The different techniques of recording and reproduction (printing, photo, film, audio recording, the press) enable an idea to reach as many as possible in the present.7 In the genre of film and posters, requiring clarity to all has remained crucial because of the (slow and expensive) technology necessary in providing access to a large public. One of the sad consequences of this is a lack of development in film language (at least in comparison with other genres) and the existence of the category experimental. From the early development of reproducibility, the minority on the right track (=power) no longer wanted to address the public en masse (through mass rallies, parades and propaganda exhibitions) as much as to understand and employ the new communication technologies (radio, film, TV and in the future, interactive PCTV) in order to reach everyone individually in their homes or through data bases (i.e. letters to all pensioners - the booming business of mailing lists). This way efficiency increases substantially, because the publicity available becomes cheaper and more precisely targeted (eg specialized TV channels)8 The political poster is reinvented as a commercial clip between television programs viewed by a suitable audience, and the street, which used to be the sole forum for publicity, is increasingly relegated to a space of unavoidable transportation and consumption, or used as a stage for televised mass demonstrations (in the worst cases: street fights). A form is sought for all public events which will lend itself to television broadcasting9 (e.g. TV broadcasts of parliamentary debates, the Rumanian revolution on TV, the live broadcasting of the Gulf War - which included the brand-new bomb-perspective). They seek the form which is best able to glue the viewer to the television set, which makes it attractive for advertisers, increasing ratings and thus the commercial value of the channel.

As the extremely valuable high-publicity moments must be utilized with the greatest efficiency, big-budget production has become the single legal researcher of innovative film language. Whether a commercial clip lasting for a few seconds, a music video clip or a feature film, the goal is the creation of the most advanced product able to attract attention. As in military research, the large amount of money devoted to this purpose calls for access to impartial and non-ideological information. It is the genre of the music video that connects the world of the increasingly self-reflexive commercials with the no-budget subculture. The unity of lyrics, music and singer is irreversibly joined by a variant in visual language: an adequate visual illusion of music appears, which can ultimately be seen as an investigation of new poetic possibilities. Another new and extremely complex medium is that of the big-budget film, a (designed) success which will produce profit worldwide. One should not make light of the ability of finding new concepts which will enjoy worldwide popularity, of identifying the mythologies of the day (Superman, ET, dinosaurs, etc.) and creating a sort of cultural Esperanto, which will be equally liked by all, no matter what culture they belong to. A big budget movie, with its extremely large audience is, capable of sending consciously placed (and not exclusively commercial) positive messages to the subconscious of its viewers.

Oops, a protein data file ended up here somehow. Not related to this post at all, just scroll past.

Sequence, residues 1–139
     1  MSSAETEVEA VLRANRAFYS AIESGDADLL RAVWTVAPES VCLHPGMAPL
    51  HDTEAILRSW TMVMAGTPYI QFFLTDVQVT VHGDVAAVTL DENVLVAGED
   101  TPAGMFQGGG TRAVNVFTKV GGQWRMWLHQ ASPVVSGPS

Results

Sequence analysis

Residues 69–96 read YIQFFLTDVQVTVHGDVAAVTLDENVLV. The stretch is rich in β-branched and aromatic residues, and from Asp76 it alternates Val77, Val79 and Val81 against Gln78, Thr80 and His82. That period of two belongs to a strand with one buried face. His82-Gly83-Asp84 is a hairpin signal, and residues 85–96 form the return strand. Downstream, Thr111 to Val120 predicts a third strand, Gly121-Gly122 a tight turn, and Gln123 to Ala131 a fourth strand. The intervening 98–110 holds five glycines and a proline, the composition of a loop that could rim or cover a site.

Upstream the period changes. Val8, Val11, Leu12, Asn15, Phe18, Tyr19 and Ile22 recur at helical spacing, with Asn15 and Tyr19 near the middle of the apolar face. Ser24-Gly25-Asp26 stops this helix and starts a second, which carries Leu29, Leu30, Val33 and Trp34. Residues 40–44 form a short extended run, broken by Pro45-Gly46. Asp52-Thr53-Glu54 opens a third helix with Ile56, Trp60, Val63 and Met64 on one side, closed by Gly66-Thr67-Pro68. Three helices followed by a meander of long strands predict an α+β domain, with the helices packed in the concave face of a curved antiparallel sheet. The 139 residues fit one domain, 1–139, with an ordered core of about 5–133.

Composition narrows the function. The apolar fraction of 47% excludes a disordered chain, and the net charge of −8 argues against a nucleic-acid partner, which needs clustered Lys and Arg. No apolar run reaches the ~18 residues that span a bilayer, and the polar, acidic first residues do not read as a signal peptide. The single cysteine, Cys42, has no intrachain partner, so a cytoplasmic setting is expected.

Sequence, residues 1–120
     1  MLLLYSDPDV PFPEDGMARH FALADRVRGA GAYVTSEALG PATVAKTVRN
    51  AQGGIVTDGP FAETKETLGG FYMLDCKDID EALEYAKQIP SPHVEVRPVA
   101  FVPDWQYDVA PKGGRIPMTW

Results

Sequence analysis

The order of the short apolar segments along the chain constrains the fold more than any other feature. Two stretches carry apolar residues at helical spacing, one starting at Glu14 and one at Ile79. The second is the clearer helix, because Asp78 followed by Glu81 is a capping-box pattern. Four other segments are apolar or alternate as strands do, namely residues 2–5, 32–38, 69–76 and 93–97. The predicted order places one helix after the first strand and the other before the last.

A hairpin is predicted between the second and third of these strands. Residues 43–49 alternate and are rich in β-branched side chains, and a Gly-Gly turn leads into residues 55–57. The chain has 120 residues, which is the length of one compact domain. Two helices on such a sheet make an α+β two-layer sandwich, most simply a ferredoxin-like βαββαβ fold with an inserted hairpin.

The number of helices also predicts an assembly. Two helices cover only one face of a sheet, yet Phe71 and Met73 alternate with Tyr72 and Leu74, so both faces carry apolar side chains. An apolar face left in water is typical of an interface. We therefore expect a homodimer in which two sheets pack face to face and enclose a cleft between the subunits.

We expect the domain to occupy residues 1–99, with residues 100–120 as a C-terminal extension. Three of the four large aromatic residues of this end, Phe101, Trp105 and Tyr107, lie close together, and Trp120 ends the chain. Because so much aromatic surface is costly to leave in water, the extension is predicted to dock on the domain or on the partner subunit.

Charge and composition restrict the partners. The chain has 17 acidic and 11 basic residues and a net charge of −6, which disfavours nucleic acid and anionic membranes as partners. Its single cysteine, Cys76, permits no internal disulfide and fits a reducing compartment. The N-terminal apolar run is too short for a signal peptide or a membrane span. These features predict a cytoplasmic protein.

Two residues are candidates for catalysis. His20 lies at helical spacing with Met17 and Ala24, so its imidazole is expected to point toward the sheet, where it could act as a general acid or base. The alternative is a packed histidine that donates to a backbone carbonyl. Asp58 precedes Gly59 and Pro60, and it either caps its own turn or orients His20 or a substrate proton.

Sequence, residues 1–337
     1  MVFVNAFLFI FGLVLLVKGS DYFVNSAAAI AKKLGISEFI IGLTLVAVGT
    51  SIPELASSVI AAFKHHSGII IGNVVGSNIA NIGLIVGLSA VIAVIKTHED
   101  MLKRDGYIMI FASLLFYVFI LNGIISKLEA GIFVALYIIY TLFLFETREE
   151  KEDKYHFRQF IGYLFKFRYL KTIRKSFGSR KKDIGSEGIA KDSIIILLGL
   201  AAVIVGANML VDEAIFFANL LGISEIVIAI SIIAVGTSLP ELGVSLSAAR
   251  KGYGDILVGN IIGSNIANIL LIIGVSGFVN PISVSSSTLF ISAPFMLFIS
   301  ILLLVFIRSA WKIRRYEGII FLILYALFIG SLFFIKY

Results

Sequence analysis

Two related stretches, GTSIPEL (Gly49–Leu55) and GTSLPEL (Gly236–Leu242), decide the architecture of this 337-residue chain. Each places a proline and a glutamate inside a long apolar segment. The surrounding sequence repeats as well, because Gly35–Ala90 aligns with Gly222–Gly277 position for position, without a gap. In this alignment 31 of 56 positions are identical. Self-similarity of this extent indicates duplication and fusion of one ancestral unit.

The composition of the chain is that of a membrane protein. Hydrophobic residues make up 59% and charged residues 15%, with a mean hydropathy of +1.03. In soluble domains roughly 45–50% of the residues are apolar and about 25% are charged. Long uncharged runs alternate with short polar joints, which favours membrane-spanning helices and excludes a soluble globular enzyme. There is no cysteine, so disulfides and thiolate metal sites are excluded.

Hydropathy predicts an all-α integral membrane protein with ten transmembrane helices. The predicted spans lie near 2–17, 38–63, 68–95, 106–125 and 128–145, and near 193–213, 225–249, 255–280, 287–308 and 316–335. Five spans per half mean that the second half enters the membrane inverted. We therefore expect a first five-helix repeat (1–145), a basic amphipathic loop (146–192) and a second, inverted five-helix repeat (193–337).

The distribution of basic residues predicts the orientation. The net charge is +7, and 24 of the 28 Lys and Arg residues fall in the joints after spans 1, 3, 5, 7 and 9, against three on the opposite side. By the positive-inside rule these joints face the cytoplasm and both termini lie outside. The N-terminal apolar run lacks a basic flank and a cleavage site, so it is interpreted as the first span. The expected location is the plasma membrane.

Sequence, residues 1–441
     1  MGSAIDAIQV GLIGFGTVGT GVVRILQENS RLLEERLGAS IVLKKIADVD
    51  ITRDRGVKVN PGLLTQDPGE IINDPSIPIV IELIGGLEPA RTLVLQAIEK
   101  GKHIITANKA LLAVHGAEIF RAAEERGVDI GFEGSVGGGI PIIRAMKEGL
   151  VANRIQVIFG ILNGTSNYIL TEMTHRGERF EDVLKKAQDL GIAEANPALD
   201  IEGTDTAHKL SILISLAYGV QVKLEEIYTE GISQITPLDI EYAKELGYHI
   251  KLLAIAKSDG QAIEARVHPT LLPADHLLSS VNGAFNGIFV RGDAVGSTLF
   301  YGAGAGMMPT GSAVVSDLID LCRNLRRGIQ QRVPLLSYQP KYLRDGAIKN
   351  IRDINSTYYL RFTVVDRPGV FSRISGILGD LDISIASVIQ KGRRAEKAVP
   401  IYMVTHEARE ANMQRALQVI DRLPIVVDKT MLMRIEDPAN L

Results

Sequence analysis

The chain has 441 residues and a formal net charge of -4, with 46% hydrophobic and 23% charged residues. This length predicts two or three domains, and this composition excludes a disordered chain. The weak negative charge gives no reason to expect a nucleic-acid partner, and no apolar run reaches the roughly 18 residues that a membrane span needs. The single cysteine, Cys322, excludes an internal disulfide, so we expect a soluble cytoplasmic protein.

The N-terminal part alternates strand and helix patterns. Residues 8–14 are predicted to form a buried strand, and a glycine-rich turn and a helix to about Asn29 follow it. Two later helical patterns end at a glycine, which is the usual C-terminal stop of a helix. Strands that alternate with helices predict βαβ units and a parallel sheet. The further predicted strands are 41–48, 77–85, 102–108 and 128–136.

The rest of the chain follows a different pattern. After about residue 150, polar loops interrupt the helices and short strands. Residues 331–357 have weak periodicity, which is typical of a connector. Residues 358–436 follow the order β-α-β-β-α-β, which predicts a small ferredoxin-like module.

Art operates in a temporal dimension which is not closed to the future, with the promise of a not necessarily immediate, but theoretically infinite publicity. Its impact is therefore continuos. and consequently clarity to all in this case means future understanding. Thanks to museums and restoration in particular, works of art can coexist with the time of civilization. This is why works of art produced in the past can nevertheless gain a continuously renewed currency. Social engagement strengthens the present function of the works of art, and in such cases their looking towards the future appears only in an indirect way, namely that the social context, gradually forgotten with time, turns into an aesthetic one. In art too, the new technologies of recording and what are known as the new media (recording of picture and sound, technologies of reproduction and the new means of communication) have resulted in a media consciousness, that is a higher degree of self-reflexivity in the means of expression. The medium (genre) is no longer a mere container, but a component of equal rights which is able to increase the effectiveness of the content (message). The avant-garde, always at the forefront of artistic investigation, have always focused on borderline areas: stretching, as it were, the limits of the medium to the maximum, trying to discover the (current) limits of artistic expression. With the new media available, this unscrupulous research center has obtained tools to which no previous (art) historical references have been made, since no one had been able to use them before. Therefore, anything that happens through them becomes history; that is anything as such can be a breakthrough. The first works of computer graphics and animation, just like those of photography and film previously, were in fact demos testing and demonstrating the existence of the medium and informing the potential consumer about the capabilities of the given "new medium". Those means of expression which were formed in the course of the human use of tools and the evolution of communication, which were free of tradition, had the important novelty of being the results of a technical (practical, market type), rather than linguistic, development.

The very same media which facilitate the homogenization eradicating cultural differences and forming global communication standards are actually quite suitable for independent - minority - usage as well. The mass production necessary for development, and the user-friendly approach required by the market (the quality of being clear to all), provide the opportunity for counter-cultural use - as shown by the appearance of genres of independent film and video, minority video, alternative bulletin boards, pirate radio and television, small circulation audio CD-s and others. The independent researchers of the new media are hackers, searching for limits and weak point of the systems.

In the case of technical media development does not slow down, but rather becomes permanent: new directions and possibilities for application are continuously sought. This is particularly interesting in the case of high power tools, such as the computer. The new medium of global network and data base + personal, anthropomorphic interface is for all intents and purposes in existence, yet nobody seems to know what to do with it.